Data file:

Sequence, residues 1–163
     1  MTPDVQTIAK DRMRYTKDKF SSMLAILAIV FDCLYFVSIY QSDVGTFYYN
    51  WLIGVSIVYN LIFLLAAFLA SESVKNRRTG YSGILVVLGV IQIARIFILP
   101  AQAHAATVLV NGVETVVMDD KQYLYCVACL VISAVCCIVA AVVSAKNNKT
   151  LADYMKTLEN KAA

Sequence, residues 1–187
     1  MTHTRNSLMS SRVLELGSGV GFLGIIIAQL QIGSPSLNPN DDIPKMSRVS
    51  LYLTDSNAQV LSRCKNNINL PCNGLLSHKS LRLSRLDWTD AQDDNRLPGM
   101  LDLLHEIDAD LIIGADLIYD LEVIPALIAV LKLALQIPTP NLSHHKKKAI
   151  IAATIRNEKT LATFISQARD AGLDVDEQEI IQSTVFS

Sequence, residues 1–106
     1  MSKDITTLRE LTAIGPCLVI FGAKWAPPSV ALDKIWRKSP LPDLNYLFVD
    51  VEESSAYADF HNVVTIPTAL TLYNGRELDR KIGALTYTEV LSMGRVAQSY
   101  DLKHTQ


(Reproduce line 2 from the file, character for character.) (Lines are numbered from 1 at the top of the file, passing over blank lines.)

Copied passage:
     1  MTPDVQTIAK DRMRYTKDKF SSMLAILAIV FDCLYFVSIY QSDVGTFYYN